Why I Love Batman


"Don't kill me! Don't kill me, man! Don't kill me! Don't kill me, man! "I'm not going to kill you. I want you to do me a favor. I want you to tell all your friends about me." "What are you?" "I'm Batman."

I first fell in love with Batman because of Tim Burton's first excellent, genre defining Batman picture. I loved him because he had loss in his life and yet didn't let it destroy him, but instead turn him into a hero for the downtrodden. He would stand against injustice and make sure that the death of his parents wasn't for nothing. I also adored the Film Noir aesthetic. I can trace my love of Noir to Burton's first Batman picture. If that was it, I would love Batman forever, but there is so much more to the character.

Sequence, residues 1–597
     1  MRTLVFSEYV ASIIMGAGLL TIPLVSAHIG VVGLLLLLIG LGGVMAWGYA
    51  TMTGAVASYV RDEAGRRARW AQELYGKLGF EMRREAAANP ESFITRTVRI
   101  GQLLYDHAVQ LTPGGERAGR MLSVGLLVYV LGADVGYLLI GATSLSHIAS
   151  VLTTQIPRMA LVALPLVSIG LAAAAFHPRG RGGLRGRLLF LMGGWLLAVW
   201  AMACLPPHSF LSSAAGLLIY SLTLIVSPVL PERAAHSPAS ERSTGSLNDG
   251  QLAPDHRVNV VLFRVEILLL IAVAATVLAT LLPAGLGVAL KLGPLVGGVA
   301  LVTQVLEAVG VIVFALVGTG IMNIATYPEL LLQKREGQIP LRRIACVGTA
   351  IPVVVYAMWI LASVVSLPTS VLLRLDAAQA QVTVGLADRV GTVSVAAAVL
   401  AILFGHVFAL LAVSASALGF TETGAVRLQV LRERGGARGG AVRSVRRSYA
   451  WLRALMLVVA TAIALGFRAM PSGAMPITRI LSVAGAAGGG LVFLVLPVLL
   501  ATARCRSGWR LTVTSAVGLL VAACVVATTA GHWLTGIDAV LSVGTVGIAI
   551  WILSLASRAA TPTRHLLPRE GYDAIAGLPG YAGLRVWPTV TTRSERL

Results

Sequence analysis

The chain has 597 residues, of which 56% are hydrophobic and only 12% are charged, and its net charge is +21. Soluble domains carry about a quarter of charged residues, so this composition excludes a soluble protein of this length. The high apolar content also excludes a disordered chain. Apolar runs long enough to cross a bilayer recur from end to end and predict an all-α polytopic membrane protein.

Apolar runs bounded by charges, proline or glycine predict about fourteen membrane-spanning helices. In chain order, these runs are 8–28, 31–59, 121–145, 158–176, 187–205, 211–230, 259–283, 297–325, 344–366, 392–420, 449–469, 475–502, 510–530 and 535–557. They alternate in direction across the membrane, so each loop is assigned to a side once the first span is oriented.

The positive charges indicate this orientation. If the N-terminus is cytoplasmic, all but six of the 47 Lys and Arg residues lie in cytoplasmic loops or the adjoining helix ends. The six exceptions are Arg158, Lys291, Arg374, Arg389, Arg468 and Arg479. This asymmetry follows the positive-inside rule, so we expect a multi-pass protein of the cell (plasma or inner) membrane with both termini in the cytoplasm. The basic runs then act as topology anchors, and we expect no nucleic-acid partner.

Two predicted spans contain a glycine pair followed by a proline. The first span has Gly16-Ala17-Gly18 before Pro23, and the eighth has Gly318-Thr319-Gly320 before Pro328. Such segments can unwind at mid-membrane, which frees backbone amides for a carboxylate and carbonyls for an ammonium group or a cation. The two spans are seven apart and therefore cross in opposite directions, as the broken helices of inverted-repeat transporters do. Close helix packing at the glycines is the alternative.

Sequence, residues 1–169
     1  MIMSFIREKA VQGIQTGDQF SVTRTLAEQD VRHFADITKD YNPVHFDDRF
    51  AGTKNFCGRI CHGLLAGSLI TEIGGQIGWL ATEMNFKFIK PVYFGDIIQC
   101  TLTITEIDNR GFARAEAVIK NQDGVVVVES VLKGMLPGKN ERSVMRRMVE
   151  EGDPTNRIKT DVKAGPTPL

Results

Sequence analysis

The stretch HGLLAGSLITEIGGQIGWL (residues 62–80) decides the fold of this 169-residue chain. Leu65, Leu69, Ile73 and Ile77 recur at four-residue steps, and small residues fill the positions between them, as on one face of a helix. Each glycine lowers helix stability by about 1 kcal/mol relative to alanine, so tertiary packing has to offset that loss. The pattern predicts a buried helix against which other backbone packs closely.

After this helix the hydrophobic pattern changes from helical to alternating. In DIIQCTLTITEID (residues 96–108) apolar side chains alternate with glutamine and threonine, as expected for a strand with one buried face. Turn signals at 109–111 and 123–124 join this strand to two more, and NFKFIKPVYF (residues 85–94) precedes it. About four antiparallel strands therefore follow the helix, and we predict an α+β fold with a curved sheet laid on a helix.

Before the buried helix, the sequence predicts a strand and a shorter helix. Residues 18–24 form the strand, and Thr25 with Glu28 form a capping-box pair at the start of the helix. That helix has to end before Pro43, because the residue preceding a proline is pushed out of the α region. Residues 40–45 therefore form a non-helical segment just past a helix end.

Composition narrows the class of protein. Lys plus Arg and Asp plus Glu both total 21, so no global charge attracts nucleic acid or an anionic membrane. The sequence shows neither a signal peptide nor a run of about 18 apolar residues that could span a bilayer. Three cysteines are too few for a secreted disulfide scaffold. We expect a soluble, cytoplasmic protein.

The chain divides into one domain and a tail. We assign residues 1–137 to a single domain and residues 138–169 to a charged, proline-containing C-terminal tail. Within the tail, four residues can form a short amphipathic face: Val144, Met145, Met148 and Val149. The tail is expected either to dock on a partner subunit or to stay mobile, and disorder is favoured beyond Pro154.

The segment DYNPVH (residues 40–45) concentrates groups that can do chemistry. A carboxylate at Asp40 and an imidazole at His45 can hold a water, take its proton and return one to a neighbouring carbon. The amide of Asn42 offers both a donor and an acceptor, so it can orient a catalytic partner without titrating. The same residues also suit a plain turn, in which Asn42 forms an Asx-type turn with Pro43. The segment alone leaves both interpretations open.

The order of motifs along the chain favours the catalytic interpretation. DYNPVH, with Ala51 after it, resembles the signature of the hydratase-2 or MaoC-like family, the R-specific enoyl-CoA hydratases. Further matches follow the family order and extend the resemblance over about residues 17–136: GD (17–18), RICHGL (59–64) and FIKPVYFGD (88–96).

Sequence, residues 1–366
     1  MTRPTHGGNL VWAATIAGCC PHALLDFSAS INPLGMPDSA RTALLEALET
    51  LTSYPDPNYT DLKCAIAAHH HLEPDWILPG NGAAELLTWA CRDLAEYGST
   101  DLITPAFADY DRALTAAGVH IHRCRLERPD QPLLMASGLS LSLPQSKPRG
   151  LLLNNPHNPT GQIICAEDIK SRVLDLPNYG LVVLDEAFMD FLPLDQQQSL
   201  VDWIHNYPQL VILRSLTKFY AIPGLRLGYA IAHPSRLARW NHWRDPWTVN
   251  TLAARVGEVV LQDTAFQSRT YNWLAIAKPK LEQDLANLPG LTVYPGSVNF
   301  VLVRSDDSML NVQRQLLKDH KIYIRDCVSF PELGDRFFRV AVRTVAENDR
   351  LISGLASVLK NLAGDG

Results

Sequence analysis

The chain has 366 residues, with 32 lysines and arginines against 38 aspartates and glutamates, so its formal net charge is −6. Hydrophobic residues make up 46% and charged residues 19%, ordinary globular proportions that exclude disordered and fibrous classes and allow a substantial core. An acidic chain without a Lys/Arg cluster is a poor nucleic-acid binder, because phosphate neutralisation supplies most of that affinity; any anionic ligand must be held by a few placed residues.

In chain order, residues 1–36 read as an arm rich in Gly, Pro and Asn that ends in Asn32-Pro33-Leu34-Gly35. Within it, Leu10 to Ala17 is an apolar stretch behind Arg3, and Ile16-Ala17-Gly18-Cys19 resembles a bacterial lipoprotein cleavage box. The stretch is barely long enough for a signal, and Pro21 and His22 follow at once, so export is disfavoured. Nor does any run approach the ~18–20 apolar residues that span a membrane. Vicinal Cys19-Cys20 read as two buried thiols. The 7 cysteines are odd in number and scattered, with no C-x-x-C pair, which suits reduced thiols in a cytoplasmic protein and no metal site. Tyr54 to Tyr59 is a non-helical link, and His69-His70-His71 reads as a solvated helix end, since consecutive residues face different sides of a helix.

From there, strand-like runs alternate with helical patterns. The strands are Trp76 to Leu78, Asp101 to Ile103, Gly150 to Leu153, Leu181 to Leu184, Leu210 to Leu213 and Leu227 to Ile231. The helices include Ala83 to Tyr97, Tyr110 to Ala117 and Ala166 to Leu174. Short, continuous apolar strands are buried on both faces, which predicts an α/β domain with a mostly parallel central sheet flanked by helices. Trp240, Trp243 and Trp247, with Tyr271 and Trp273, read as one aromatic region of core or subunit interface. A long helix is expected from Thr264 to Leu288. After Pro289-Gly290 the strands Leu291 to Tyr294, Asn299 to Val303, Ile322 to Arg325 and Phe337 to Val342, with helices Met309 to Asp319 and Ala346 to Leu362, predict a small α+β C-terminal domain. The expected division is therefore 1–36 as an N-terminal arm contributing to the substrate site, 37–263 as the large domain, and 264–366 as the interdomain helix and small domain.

Have a read of The Long Halloween by Jeph Loeb and Tim Sale, and see the foundation of Nolan's Batman pictures. The Long Halloween is my very favourite Batman comic book. It is a brilliant murder mystery wrapped around the story of Harvey Dent's transformation into Two Face. It served as the primary basis for Nolan's The Dark Knight. The artwork is the most beautiful of any Batman comic. It expresses so perfectly everything that is compelling and intriguing about the character. He is dark and brooding and all that, yes, but he is also a great detective, tapping into those great Noir detective stories like The Big Sleep and The Maltese Falcon. I love the stories that get to the heart of what a supreme detecting fiend he is.